Diabetes in the tropics: race, place and class in India, 1880-1965
Arnold, David. (2009) Diabetes in the tropics: race, place and class in India, 1880-1965. Social History of Medicine, Vol.22 (No.2). pp. 245-261. ISSN 0951-631XFull text not available from this repository.
Official URL: http://dx.doi.org/10.1093/shm/hkp005
A disease predominantly of India's urban middle class and increasingly common in modern India, diabetes attracted little state medical attention either before or in the decades immediately following Indian independence in 1947. It did, however, give rise to an extensive medical literature, generated by both Indian and British doctors, pathologists and medical researchers, who understood the disease not just in terms of class susceptibility and the consequences of colonial modernity, but also in relation to racial and environmental characteristics. The rise of 'tropical diabetes' in India thus reflected and exemplified a wider trend towards the racialisation and tropicalisation of Indian medical thought. Despite the discovery of insulin in the early 1920s, prophylaxis and treatment of the disease in India suggested a continuing belief in a culturally distinctive approach to the disease.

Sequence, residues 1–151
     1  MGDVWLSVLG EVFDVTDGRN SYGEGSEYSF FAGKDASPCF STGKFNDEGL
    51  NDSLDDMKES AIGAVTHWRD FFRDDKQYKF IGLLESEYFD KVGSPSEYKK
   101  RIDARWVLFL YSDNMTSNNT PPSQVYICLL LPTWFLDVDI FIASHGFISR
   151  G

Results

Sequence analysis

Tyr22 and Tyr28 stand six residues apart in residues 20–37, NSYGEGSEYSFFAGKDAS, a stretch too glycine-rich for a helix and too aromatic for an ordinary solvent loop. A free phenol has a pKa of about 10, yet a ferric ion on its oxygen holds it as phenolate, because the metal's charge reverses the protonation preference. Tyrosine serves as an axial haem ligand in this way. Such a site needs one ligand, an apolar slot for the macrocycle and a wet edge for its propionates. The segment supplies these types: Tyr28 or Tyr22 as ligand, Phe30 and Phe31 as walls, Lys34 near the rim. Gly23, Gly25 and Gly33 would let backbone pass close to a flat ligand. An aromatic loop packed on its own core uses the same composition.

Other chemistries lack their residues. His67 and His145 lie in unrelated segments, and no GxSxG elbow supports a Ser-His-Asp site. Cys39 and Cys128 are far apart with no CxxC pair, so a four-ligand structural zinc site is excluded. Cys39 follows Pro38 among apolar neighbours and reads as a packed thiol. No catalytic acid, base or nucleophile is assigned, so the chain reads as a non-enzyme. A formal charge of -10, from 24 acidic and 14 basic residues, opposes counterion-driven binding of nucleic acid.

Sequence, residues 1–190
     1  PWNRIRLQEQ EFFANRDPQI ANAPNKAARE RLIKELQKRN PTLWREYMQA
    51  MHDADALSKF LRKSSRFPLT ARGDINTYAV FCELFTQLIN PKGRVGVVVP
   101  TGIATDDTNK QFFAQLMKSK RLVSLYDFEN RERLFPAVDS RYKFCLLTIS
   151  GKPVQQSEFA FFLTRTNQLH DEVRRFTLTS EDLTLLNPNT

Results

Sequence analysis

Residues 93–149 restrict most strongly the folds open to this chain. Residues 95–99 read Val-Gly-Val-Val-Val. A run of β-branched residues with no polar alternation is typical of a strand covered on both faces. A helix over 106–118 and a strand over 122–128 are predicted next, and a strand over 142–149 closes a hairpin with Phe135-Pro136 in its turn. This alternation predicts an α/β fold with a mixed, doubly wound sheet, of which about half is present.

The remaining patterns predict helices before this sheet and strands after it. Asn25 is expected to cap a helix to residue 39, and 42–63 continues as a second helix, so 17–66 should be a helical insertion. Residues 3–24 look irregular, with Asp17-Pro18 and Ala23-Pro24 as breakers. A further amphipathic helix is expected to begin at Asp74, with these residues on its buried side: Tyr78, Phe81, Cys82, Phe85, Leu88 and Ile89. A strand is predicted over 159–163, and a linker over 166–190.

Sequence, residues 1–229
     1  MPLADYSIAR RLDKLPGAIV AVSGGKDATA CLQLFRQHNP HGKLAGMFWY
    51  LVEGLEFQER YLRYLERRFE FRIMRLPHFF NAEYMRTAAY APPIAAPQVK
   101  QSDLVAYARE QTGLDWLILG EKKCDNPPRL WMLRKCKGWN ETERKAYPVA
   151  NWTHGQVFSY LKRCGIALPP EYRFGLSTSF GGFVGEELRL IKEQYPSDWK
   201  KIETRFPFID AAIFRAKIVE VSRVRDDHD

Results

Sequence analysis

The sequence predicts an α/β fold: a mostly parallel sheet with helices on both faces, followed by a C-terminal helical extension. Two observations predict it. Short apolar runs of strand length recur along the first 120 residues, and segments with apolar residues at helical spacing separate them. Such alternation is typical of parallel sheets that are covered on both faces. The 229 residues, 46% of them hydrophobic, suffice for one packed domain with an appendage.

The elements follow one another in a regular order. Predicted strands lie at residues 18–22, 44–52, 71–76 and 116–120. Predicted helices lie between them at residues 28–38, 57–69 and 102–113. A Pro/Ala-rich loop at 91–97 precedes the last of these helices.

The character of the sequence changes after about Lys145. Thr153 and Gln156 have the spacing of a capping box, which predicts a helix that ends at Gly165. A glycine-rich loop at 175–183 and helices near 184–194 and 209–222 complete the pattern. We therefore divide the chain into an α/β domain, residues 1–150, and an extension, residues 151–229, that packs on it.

|Item Type:||Journal Article|
|Divisions:||Faculty of Arts > History|
|Journal or Publication Title:||Social History of Medicine|
|Publisher:||Oxford University Press|
|Official Date:||August 2009|
|Number of Pages:||17|
|Page Range:||pp. 245-261|
|Access rights to Published version:||Restricted or Subscription Access|
|Funder:||Centre for the History of Medicine at Warwick|
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